Since I don’t know a person’s struggle and what’s happening in their heart, it’s not possible for me to make an accurate judgment – in fairness. Flawed judgment is another reason that Christians should walk in continued forgiveness towards others – because we don’t always know about the internal struggles of a person.

There are times when we might find that we aren’t even intimate with our own heartaches and pains. It’s possible (and common) to have emotional wounds within that you are unaware of. Many of us have little understanding of our own emotions and the complexity of our thoughts. Millions of people still haven’t figured out what makes them tick. They don’t know why they have the desires and vices that they have. They don’t know why they have certain habits or think certain thoughts. If it’s possible to not (fully) understand the contents of your own heart, how can you know the heart of a stranger? How can you judge?

We are Made in His Image (The Trinity)

beautysunset

The Trinity is one of the most controversial and misunderstood subjects in theology. It has divided many Christians and even separated us into factions between those who believe that God is three and one and those who do not.

However, I think that the evidence for the Trinity is seen in man himself, whom God made in His own image. In man, we have three parts  – spirit, soul, and body. And in God, we see three manifestations -a spirit (the Holy Spirit) – a soul (the Father) – and the body (the Son).

We see throughout scripture that often the word used for spirit and soul are used interchangeably. However, we know that there is a distinction between the two. The word for soul in the Hebrew is the word nephesh. This word is best described as the literal soul and is a representation of a person’s life, emotions, desires, mind, and passion. It is the activity of his will.

However, the spirit is a different word in the Hebrew. The word spirit is ruwach. This word spirit is described as wind or breath. I believe that the spirit (or ruwach) is simply the energy or force that emits from the soul.

We have a spirit, a soul, and a body. We are triune. We are made in His image.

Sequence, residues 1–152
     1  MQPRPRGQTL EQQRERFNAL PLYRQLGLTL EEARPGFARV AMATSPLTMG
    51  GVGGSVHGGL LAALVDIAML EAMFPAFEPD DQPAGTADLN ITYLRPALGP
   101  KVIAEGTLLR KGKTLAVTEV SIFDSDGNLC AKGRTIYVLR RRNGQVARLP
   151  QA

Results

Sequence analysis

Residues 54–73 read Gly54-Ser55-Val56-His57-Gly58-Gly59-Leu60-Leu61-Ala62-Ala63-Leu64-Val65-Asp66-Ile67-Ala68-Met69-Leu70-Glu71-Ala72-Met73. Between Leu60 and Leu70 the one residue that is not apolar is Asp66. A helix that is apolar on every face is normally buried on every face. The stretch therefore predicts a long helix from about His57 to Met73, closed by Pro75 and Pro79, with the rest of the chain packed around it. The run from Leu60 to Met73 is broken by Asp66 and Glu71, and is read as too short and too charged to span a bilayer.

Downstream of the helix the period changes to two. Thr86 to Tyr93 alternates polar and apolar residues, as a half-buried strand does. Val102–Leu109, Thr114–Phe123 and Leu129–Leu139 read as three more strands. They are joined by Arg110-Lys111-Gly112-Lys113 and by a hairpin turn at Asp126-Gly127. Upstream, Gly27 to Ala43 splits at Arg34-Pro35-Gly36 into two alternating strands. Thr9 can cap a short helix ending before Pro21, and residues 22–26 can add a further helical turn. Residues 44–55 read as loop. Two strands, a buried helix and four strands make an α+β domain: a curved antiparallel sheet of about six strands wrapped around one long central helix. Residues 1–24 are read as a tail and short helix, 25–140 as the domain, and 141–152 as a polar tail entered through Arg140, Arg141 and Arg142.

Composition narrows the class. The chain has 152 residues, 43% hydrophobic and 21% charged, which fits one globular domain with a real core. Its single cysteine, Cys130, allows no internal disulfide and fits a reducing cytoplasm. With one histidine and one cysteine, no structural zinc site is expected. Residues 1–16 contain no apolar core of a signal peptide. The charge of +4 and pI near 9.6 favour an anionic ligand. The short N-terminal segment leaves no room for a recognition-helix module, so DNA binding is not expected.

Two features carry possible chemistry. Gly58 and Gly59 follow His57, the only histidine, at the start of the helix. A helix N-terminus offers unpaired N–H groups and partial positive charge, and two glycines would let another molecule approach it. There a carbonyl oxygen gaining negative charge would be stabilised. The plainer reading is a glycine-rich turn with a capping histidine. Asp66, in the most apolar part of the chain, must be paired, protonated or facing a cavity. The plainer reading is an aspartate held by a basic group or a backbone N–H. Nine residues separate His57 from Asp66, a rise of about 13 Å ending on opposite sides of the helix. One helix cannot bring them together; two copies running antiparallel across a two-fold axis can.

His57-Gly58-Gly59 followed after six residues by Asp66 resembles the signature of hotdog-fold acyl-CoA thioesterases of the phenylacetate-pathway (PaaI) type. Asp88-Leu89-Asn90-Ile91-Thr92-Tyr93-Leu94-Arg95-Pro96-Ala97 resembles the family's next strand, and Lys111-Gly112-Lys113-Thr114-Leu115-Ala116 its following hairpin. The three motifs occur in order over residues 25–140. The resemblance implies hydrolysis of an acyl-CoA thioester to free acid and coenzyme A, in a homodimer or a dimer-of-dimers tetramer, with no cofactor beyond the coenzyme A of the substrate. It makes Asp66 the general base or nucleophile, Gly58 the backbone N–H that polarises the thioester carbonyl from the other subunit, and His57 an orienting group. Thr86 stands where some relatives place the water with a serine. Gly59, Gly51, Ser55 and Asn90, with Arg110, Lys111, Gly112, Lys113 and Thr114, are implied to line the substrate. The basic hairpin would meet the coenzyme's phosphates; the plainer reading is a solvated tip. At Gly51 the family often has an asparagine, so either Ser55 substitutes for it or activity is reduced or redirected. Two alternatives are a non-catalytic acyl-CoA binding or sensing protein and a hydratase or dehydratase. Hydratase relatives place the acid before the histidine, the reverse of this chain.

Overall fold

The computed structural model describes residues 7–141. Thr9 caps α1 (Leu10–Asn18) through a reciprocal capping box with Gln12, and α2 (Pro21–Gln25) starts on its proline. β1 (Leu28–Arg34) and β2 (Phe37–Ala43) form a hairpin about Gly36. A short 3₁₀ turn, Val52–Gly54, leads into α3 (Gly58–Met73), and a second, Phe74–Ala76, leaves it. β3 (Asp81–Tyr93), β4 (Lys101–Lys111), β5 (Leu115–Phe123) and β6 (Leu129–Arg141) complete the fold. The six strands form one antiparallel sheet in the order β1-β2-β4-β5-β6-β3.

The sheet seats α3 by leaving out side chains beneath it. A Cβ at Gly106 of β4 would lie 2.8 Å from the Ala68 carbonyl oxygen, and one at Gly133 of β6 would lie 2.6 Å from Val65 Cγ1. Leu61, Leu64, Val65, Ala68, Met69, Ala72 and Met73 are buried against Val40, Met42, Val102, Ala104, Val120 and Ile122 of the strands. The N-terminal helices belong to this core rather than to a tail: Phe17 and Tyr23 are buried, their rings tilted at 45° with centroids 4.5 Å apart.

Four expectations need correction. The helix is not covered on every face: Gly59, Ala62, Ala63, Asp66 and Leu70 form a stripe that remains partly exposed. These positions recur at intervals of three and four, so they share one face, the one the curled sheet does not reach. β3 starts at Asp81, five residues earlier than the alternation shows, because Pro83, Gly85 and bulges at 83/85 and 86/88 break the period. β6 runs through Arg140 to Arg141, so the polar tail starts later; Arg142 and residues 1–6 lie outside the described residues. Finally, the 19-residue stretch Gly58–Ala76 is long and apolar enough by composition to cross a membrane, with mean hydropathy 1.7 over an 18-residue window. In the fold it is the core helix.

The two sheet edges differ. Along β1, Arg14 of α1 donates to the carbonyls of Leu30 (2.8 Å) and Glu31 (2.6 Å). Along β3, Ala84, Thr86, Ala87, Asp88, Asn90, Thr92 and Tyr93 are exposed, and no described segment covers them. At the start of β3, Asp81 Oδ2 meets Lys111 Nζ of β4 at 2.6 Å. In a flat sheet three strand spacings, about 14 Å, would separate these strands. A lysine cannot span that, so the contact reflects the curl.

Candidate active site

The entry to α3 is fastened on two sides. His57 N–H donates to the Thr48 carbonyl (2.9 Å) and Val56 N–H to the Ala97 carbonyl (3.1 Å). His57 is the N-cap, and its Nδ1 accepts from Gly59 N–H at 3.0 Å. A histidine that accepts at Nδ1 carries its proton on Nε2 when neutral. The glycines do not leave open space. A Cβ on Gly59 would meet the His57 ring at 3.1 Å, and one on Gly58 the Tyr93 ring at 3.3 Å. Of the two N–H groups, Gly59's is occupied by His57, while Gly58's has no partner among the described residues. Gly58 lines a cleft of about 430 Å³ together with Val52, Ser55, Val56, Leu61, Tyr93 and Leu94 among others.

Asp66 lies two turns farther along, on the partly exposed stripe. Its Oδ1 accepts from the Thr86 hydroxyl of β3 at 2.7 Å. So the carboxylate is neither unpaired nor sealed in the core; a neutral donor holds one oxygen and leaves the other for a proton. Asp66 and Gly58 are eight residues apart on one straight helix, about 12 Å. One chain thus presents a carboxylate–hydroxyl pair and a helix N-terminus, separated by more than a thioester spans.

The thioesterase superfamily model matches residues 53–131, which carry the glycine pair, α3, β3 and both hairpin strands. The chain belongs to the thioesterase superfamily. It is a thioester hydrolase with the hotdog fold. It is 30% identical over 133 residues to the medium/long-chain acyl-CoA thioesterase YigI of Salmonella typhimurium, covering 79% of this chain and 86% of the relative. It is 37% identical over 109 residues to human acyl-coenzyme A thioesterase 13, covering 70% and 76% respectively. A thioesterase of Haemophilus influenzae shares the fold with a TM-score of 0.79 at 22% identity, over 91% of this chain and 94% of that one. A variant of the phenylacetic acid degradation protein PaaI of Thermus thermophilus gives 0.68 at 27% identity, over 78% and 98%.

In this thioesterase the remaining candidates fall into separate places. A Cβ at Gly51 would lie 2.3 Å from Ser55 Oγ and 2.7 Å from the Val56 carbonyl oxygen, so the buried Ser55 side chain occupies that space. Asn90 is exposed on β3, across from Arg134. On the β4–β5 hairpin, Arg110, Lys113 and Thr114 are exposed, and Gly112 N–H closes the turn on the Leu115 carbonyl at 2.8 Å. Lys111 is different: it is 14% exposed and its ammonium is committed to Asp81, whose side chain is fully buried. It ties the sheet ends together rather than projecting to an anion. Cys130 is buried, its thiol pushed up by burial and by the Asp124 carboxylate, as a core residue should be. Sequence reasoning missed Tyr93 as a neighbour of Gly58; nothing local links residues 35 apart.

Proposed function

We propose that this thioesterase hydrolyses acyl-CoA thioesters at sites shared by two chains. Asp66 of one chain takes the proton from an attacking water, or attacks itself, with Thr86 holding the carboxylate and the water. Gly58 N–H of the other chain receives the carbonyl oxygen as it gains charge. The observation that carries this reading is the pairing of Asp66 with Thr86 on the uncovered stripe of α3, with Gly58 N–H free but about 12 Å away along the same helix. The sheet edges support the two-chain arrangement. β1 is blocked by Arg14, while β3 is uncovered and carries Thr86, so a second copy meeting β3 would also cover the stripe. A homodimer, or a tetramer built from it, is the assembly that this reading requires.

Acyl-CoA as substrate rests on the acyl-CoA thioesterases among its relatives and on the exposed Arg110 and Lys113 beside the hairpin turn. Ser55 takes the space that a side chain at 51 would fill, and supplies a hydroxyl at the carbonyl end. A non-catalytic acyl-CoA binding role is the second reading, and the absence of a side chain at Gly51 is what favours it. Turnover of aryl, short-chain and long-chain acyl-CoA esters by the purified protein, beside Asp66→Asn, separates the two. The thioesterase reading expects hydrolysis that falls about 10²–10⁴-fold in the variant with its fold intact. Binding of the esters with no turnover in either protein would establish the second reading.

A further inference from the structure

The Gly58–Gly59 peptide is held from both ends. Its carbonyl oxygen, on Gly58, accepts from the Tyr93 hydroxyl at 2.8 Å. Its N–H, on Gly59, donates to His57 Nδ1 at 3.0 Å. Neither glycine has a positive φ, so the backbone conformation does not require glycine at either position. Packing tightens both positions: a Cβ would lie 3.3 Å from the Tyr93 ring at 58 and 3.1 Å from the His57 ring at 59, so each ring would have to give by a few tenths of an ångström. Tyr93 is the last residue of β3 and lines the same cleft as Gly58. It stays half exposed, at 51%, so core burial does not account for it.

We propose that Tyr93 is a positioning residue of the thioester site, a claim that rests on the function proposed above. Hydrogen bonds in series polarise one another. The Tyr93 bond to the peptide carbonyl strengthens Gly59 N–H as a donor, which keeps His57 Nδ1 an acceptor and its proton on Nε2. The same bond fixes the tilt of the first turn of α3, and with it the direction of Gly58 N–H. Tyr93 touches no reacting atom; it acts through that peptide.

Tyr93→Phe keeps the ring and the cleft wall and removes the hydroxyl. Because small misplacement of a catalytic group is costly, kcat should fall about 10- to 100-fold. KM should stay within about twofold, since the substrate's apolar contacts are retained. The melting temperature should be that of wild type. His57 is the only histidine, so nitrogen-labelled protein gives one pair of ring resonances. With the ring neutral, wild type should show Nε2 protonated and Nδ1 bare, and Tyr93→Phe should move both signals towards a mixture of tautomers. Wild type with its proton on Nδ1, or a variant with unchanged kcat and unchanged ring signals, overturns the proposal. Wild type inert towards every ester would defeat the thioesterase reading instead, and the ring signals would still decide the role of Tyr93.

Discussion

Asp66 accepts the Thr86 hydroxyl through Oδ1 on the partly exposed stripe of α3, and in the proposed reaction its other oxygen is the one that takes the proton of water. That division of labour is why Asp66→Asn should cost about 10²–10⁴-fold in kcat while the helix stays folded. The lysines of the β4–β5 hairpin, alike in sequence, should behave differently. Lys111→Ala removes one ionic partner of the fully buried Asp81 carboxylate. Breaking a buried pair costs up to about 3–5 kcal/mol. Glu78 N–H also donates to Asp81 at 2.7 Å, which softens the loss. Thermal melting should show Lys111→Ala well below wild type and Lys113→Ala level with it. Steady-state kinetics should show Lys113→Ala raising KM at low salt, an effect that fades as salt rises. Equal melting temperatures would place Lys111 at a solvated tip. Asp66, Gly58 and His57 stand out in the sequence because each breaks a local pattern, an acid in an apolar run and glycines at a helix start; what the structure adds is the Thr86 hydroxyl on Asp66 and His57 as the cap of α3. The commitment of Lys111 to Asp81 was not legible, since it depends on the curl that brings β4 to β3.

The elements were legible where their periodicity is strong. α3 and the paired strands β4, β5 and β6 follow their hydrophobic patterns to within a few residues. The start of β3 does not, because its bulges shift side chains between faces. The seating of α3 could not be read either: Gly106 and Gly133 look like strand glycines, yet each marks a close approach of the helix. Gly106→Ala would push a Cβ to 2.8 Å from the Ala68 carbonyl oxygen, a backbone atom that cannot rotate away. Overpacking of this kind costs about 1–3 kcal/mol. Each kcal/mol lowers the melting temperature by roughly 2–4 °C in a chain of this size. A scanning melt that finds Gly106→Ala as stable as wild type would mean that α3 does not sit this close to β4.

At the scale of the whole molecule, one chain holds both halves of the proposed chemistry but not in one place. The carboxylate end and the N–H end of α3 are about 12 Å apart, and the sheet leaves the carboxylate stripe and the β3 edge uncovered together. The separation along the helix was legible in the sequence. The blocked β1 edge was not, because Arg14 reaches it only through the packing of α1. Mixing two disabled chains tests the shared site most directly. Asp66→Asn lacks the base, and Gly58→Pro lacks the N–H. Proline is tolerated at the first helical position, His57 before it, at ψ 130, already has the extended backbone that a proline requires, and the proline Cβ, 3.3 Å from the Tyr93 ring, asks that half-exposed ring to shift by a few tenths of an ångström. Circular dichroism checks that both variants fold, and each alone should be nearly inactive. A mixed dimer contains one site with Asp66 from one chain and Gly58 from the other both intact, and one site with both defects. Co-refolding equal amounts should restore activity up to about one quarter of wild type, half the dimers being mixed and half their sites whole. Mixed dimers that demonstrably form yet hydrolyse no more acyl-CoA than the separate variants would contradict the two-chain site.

God has a spirit, a soul, and a body. He is triune. This is the nature of the Trinity.

Is a Competitive Spirit a Good Thing?

running

When we ask if a competitive spirit is a good thing, the first thing I think we should ask ourselves is which word is more important in the phrase “competitive spirit”? Is it the word “competitive” or the word “spirit”? I think it’s the word spirit because that is precisely what it is. And any spirit that doesn’t quite resemble the Holy Spirit is a spirit that you don’t want to have.

Is the Holy Spirit competitive?

When you compare the difference in characteristics between the Holy Spirit and a competitive spirit, you’ll find that there is a stark difference. A competitive spirit is prideful, it always strives for more, it’s greedy, it’s not content or satisfied, it grasps for the wind.

The Holy Spirit, however, is humble. The Holy Spirit is peaceful and fulfilled, joyful and content. The Holy Spirit doesn’t grasp for the wind because the Holy Spirit is the Wind. There are stark differences between a competitive spirit and the Holy Spirit.

Competition isn’t encouraged in the Bible – not in the Old or New Testament. Ultimately, the Christian’s goal should be to look like Christ.

Is Christ in competition?

When Christ walked the earth, the Pharisees and religious authorities were in competition with Christ, but Christ wasn’t competing with them. Christ didn’t compete with anyone. Christ was the very nature of God, but did not consider equality with God something to be used to his own advantage; instead, he emptied himself, and took on the form of a servant, being made in human likeness.

When the disciples of Christ displayed a competitive spirit and quarreled about who was the greatest disciple, Christ rebuked them and told them that the greatest among them should be like the youngest, and the one who rules like the one who serves. They were not encouraged to compete for the title of super-apostle. Instead, they learned the highest form of power is servitude and humility.

2 Corinthians 10:12: We do not dare to classify or compare ourselves with some who commend themselves. When they measure themselves by themselves and compare themselves with themselves, they are not wise.